Search results

1 – 10 of 72
To view the access options for this content please click here
Article
Publication date: 9 August 2011

Frederik Claeyé and Terence Jackson

The purpose of this paper is to report the findings of a broad‐based study that initially investigated a possible gap in global inputs into the fight against HIV/AIDS and…

Abstract

Purpose

The purpose of this paper is to report the findings of a broad‐based study that initially investigated a possible gap in global inputs into the fight against HIV/AIDS and TB co‐infection, and outputs in terms of results achieved. It is proposed that such a gap may be hypothesized to be due, at least in part, to inappropriate management regimes within the global health governance structure. The research does not simply question the effectiveness of the management of programs and projects, but rather the inappropriateness resulting from the lack of addressing cross‐cultural issues.

Design/methodology/approach

The factors facilitating or hampering project service delivery were examined, by looking at 12 case studies in Botswana and South Africa. These data were complemented with seven semi‐structured interviews with donor organizations and NGOs, conducted in the North. Cultural interactions were investigated by using the concept of “interfaces”.

Findings

The results suggest that there is a disjuncture between the global and local level that affects project delivery. The main issues hampering project outcomes can be summarized as systemic, structural and cultural.

Originality/value

The article's main contributions are both theoretical, looking at global project delivery from a cross‐cultural management perspective, as well as to development praxis by highlighting the need to focus more critically on cross‐cultural management issues within the global health governance structure, and indeed within international development as a whole.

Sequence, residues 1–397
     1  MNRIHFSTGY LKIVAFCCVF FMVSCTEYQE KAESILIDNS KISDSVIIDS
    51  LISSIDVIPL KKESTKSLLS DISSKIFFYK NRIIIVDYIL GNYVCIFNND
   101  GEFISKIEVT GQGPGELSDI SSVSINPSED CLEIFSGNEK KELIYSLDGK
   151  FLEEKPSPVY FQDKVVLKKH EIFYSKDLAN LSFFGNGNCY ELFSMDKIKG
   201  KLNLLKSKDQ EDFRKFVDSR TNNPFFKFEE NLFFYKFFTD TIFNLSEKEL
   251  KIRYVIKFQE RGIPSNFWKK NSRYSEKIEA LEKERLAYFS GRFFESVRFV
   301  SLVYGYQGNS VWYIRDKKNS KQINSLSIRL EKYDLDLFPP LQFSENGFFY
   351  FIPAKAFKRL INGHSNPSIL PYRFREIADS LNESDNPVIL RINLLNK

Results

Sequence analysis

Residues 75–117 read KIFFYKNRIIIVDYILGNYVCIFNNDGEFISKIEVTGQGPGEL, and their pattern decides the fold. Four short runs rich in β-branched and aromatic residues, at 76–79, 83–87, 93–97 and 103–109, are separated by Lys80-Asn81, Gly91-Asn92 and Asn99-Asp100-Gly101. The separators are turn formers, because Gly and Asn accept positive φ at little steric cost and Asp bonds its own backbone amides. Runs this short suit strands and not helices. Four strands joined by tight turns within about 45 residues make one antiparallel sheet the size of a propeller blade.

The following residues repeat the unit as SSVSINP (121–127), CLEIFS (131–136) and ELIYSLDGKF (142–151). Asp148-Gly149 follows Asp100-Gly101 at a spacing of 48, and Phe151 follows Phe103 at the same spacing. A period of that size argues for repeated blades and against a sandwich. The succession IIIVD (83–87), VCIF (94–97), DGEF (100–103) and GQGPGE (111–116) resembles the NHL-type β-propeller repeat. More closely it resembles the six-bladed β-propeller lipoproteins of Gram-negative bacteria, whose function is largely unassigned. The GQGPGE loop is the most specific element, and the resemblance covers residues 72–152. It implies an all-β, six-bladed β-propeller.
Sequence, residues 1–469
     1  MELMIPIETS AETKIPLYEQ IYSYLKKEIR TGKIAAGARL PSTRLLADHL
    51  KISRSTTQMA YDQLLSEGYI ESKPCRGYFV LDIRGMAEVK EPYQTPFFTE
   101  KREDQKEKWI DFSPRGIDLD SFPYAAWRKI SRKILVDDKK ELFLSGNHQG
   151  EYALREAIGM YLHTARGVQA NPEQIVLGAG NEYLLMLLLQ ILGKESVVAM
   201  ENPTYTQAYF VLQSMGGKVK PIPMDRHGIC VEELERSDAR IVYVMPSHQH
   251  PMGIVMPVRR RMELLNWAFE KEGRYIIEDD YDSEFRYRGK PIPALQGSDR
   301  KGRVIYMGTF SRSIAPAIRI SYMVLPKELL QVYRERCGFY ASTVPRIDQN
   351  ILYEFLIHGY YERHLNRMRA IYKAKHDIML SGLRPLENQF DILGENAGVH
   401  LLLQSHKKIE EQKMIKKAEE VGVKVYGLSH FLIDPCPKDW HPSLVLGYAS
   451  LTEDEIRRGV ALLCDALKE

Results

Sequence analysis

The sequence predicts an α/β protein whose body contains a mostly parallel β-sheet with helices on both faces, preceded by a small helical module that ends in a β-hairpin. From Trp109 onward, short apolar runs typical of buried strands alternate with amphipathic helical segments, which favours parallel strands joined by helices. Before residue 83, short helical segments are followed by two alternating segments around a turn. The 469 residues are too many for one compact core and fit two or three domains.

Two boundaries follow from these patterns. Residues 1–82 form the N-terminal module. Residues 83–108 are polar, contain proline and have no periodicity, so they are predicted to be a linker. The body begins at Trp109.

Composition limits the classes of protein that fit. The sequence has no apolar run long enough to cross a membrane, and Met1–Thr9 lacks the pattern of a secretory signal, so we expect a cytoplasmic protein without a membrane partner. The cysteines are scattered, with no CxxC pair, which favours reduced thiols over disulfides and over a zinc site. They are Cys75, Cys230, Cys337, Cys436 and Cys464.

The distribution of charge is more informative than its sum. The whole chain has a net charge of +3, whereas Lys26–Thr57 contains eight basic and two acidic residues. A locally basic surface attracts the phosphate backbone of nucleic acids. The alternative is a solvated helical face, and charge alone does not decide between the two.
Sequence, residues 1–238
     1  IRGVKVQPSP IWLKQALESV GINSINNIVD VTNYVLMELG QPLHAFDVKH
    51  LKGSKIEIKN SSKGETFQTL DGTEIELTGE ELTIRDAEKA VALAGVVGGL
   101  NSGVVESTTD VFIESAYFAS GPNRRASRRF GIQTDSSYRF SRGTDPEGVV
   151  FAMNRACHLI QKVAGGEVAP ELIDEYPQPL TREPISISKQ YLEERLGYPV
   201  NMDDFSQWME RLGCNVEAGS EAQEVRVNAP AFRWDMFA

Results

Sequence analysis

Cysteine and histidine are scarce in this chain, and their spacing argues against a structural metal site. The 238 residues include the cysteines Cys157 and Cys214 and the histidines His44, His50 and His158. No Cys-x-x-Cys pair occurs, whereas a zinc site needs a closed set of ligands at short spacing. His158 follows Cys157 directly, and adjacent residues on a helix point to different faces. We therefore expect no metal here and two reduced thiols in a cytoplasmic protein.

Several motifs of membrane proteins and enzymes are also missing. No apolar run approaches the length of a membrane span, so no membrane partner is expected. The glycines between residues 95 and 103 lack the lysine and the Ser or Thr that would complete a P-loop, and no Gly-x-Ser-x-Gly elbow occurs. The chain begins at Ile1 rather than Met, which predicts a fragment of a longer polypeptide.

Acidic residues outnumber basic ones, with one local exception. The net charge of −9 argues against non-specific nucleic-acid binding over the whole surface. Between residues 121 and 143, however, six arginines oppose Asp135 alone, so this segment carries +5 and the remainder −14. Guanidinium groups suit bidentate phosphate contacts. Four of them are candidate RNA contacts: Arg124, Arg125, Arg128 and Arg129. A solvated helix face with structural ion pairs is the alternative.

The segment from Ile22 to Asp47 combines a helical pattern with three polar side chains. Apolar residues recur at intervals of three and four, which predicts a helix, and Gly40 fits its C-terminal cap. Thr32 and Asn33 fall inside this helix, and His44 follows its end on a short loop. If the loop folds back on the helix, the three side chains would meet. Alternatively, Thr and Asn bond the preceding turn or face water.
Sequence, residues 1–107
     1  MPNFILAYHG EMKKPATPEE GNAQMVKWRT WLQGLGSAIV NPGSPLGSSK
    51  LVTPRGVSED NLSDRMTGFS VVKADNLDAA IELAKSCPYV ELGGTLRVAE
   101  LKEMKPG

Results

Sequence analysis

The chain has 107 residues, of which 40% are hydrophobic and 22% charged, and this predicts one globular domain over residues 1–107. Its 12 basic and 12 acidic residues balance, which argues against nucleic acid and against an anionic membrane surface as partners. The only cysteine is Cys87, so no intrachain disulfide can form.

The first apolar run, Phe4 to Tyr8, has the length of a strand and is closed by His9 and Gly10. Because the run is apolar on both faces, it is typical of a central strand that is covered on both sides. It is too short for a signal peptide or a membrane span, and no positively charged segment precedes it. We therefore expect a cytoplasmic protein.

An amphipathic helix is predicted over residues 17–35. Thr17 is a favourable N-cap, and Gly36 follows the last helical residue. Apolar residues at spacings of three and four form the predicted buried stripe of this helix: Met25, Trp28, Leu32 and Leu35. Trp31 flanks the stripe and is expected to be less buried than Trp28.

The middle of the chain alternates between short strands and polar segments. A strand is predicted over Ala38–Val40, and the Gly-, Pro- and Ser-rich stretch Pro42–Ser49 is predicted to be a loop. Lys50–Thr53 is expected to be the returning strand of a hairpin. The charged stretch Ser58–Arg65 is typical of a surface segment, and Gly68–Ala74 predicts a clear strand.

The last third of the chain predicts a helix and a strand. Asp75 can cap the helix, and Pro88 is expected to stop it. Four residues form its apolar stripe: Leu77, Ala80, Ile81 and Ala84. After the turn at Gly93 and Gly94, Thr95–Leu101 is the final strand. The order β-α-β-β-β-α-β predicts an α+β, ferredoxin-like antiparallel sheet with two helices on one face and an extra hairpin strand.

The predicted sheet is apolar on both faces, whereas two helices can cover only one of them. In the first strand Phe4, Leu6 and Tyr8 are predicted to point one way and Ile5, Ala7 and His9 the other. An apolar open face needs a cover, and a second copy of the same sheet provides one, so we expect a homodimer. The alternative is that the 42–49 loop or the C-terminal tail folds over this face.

Details

Journal of Health Organization and Management, vol. 25 no. 4
Type: Research Article
ISSN: 1477-7266

Keywords

To view the access options for this content please click here
Article
Publication date: 5 July 2011

Terence Jackson

Hofstede's theory may be problematic from both a methodological/theoretical and practical view when applied to the 80 per cent of the globe we term developing. It is…

Downloads
6385

Abstract

Purpose

Hofstede's theory may be problematic from both a methodological/theoretical and practical view when applied to the 80 per cent of the globe we term developing. It is necessary to break out of an epistemic paradigm and a “view from nowhere” in order to focus on multiple layers of cultural interfaces within power dynamics that influence the nature of hybrid organizations and individual cultural identity. The purpose of this paper therefore is to develop a theory of cross‐cultural interfaces.

Design/methodology/approach

Cross‐cultural values theory provides a blunt instrument in Africa, does not take into account global dependencies and is not able to analyse local perceptions of reality within a context of these dependencies. A theory of cultural interfaces is developed that incorporates an Aristotelian phronetic approach to social science.

Findings

This moves away from the universals of analytical rationality towards practical value‐rationality that considers culture from a context‐dependent viewpoint, provides a synthesis for cultural‐institutional approaches, and engages researchers beyond merely looking at differences in cultures and the consequences, and towards what should be done about issues that arise.

Originality/value

By providing an example of how cultural interfaces may be researched, and discussing the associated conceptual issues, it is hoped that this paper will help to move forward the debate about cross‐cultural management.

Details

Journal of Organizational Change Management, vol. 24 no. 4
Type: Research Article
ISSN: 0953-4814

Keywords

To view the access options for this content please click here
Article
Publication date: 10 February 2012

Slawek Magala

Downloads
529

Abstract

Details

Journal of Organizational Change Management, vol. 25 no. 1
Type: Research Article
ISSN: 0953-4814

To view the access options for this content please click here
Article
Publication date: 1 August 1995

Terence Jackson

Investigates cross‐cultural differences between European managementlearners in a French grande école using empiricalresearch with five national groups. Tests a proposition…

Downloads
4736

Abstract